Glucosinolate Distribution in the Aerial Parts of sel1-10, a Disruption Mutant of the Sulfate Transporter SULTR1;2, in Mature Arabidopsis thaliana Plants.


Department of Bioscience and Biotechnology, Faculty of Agriculture, Kyushu University, 744 Motooka, Nishi-ku, Fukuoka 819-0395, Japan. [Email]


Plants take up sulfur (S), an essential element for all organisms, as sulfate, which is mainly attributed to the function of SULTR1;2 in Arabidopsis. A disruption mutant of SULTR1;2, sel1-10, has been characterized with phenotypes similar to plants grown under sulfur deficiency (-S). Although the effects of -S on S metabolism were well investigated in seedlings, no studies have been performed on mature Arabidopsis plants. To study further the effects of -S on S metabolism, we analyzed the accumulation and distribution of S-containing compounds in different parts of mature sel1-10 and of the wild-type (WT) plants grown under long-day conditions. While the levels of sulfate, cysteine, and glutathione were almost similar between sel1-10 and WT, levels of glucosinolates (GSLs) differed between them depending on the parts of the plant. GSLs levels in the leaves and stems were generally lower in sel1-10 than those in WT. However, sel1-10 seeds maintained similar levels of aliphatic GSLs to those in WT plants. GSL accumulation in reproductive tissues is likely to be prioritized even when sulfate supply is limited in sel1-10 for its role in S storage and plant defense.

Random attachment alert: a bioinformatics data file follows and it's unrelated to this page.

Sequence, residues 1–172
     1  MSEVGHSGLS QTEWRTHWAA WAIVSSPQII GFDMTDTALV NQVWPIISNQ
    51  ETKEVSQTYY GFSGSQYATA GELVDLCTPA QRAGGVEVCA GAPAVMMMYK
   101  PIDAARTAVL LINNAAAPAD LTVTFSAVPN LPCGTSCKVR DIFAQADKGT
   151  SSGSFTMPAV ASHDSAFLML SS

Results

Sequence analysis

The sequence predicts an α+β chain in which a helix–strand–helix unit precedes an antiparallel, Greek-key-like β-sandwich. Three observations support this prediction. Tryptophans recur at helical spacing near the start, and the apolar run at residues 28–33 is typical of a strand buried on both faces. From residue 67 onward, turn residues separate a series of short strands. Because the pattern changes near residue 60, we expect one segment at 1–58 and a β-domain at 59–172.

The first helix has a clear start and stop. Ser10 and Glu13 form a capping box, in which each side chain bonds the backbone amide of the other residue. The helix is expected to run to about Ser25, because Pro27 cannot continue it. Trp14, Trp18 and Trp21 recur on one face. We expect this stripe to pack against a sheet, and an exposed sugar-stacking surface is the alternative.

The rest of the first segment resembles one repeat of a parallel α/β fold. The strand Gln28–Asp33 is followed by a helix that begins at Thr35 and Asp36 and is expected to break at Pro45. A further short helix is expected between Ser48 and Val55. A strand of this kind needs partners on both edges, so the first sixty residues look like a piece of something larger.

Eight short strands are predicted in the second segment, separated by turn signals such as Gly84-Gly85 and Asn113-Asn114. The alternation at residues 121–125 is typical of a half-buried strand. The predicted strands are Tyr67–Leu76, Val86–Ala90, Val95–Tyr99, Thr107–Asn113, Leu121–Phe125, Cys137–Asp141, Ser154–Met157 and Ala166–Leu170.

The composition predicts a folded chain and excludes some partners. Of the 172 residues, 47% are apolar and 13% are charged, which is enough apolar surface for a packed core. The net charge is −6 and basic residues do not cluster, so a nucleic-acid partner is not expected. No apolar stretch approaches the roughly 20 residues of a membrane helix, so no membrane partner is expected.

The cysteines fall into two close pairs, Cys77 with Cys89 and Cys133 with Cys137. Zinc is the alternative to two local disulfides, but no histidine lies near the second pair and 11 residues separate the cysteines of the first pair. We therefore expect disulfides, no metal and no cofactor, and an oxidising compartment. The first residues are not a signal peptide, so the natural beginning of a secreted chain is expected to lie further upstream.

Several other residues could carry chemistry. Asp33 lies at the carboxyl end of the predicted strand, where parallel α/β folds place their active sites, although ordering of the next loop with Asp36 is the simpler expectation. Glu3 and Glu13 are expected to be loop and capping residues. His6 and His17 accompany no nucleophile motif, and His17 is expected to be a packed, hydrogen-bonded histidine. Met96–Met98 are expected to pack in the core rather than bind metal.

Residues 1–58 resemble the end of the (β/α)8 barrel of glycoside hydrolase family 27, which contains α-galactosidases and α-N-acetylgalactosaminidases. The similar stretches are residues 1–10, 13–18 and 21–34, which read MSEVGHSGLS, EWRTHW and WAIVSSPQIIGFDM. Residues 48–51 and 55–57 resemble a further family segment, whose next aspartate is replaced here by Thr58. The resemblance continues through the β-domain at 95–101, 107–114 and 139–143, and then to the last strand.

2,SULTR1,glucosinolates,mature Arabidopsis thaliana plants,sel1-10 mutant,sulfate transporter,